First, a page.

The Bay Eco-Village, From Straw to Resilience

This article has been shared by Eco Logis and can be viewed in its original form at http://eco-logis.org/the-bay-eco-village-from-straw-to-resilience-quebec-july-2015. We thank the writers, Chloe and Olivier, for sharing part of their exploratory journey around the world with us.

The Bay eco-village

By Chloe Deleforge and Olivier Mitisieno

After 9 months in Asian we are carrying on our investigation about natural building in Canada. Change of climate, culture and scale… there are woods stretching as far as we can see and distances are also stretching out. The roads in perfect condition and empty… What a difference from Asia!

Landing in North America is also an experience of disrupting town planning, driving through towns, on a horizontal level. In the residential districts, the new houses look like the ones in a catalogue: perfect facades, aseptic lawns, garages and big cars. Here there is space and people living on credit! Muko’s remark – a militant involved in the conservation of troglodyte houses in Capadoccia, whom we met in Turkey – comes back to us: “For me, today’s standardized houses are a limit to imagination… I think it is more difficult to design another world when living in such a formatted, even sterilized, environment.”

But North America remains the land where everything is possible! The continent hosts so many pioneers who are looking for other ways of living. We are out to meet some of them in Quebec. Starting with the inhabitants of The Bay eco-village, who invented a straw building technique, which is heard of in Europe and beyond: the GREB technique. Behind those initials there is The Bay Ecological Research Group which, for 25 years now, has been experimenting a post-petrol way of life!

To reach the small eco-village, we are driving along the magnificent Saguenay Fjord which flows into the St Laurent River before climbing up the small path to the “tiny village.” Pierre and Marie-Thérèse, who have been leading the project since its beginnings, welcome us in their cozy straw house. Pierre tells us that it all started “In 1972, The Rome Club stressed the limits of our society based on an infinite growth in a world with finite resources. I was not known whether the resources would die out in 20 or 300 years… But it was totally unacceptable for us to have built a non-viable system over the long term, relying moreover on the exploitation of the countries lying in the south. It was our duty to find solutions to build a different world.”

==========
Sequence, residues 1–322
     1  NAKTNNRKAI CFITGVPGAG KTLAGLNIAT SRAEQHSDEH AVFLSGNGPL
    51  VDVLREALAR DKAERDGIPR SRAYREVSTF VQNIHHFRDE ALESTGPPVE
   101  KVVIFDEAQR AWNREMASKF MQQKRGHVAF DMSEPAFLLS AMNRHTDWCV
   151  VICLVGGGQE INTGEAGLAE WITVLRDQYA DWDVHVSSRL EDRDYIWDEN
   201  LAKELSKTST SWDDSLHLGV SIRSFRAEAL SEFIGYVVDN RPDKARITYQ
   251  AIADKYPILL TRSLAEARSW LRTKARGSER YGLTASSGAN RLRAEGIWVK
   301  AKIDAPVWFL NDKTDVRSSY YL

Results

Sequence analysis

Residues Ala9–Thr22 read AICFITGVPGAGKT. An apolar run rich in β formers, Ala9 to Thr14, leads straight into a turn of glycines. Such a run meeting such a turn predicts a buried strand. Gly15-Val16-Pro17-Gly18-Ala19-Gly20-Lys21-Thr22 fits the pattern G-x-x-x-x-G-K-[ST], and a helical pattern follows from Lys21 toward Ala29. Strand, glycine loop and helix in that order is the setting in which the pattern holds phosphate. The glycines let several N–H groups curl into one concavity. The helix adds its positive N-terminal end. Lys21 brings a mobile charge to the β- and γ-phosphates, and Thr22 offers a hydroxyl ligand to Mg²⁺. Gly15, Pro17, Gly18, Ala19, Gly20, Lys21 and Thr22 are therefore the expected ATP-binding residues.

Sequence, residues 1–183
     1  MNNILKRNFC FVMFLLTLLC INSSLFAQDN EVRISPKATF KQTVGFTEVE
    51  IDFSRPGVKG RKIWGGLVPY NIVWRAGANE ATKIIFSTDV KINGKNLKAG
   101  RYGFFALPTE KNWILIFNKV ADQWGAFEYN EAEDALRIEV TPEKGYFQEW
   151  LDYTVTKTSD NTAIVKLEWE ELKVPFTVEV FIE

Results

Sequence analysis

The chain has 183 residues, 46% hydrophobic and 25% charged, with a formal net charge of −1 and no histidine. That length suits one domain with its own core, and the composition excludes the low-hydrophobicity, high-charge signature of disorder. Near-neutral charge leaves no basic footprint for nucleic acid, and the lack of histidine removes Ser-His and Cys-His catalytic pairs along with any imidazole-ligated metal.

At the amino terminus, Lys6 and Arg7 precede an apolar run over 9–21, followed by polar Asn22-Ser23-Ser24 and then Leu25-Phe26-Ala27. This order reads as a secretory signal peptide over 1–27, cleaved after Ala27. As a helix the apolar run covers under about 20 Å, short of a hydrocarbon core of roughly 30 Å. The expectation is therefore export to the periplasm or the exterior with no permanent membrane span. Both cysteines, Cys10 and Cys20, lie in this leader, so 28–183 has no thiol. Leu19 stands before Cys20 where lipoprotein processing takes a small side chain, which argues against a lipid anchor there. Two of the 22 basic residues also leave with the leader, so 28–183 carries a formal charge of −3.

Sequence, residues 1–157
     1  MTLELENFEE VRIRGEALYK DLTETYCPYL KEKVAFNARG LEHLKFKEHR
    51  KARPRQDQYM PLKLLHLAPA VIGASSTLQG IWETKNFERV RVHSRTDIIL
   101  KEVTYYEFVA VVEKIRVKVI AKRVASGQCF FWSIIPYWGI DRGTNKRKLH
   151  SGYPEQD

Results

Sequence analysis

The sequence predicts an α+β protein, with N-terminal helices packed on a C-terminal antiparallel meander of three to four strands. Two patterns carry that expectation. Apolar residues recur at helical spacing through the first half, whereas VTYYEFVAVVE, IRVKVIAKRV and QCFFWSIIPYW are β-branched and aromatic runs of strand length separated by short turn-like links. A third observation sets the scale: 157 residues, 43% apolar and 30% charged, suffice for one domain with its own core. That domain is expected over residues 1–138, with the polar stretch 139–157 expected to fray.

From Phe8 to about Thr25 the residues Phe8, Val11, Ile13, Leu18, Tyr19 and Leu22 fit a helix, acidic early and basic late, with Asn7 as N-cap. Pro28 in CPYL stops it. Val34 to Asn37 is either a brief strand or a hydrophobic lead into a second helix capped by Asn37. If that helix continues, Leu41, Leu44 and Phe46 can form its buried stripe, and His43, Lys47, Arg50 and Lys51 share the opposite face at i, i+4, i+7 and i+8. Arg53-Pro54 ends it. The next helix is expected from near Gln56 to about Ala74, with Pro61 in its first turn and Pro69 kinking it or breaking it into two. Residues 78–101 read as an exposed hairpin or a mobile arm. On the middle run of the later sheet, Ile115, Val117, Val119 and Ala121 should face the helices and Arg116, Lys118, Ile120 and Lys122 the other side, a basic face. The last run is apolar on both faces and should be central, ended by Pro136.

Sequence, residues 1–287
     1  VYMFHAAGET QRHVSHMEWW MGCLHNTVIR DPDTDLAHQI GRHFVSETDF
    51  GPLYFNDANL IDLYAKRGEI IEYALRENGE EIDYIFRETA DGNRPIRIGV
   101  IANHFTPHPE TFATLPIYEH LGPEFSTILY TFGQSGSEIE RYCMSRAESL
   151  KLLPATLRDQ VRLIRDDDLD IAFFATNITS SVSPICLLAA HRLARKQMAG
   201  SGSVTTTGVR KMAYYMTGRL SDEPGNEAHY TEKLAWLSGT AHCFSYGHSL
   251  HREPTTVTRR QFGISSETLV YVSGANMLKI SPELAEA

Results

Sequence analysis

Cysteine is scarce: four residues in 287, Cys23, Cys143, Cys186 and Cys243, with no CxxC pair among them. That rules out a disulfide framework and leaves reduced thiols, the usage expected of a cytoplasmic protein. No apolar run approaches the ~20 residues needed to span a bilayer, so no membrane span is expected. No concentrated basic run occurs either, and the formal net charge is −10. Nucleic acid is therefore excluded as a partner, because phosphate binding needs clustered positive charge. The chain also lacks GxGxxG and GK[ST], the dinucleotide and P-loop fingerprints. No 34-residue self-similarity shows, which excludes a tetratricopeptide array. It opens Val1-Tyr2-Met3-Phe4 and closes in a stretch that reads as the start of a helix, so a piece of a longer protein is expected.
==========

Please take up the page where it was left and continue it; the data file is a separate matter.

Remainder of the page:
This is the philosophy which, a few years earlier, pushed them into traveling to the USA, the Middle East, Europe and India to visit the ecological projects. Pierre remembers: “Indeed we toyed with the idea of settling in communities in the south of France. But I could not stand the idea that one day I would be told ‘it is all very well to build an ecological house there… but in Quebec, temperatures go down below 30° in winter and dreaming of other ways of life, is a luxury which is just not imaginable here!”

Pierre and Marie-Thérèse © GREB

An experimental eco-village

With a taste for challenges, Pierre and Marie-Thé return to Quebec in 1988. Together with five other families, they purchase a piece of land of several hectares and decide to create an eco-village on waste agricultural and wooden lands. A key stage, prior to settling down, was to analyse the resources available and to observe the territory, so as to consider the possibilities and limits of this eco-system. So, for most inhabitants, building with straw bales and a wooden framework proved to be the most relevant choice!

Beyond the construction, the project was also to meet other fundamental needs such as finding food, or getting energy. From the very beginning, The Bay eco-village is much more than a simple ecological district or a self-sufficient community. Pierre says: “Our intention was not to be survivors, quite the opposite. We did not want to save ourselves from such a catastrophe. We wanted to create a life laboratory and the successes and failures of that life laboratory would be made public. That is why at the same time at the eco-village, we founded the GREB, The Bay Ecological Research Group.”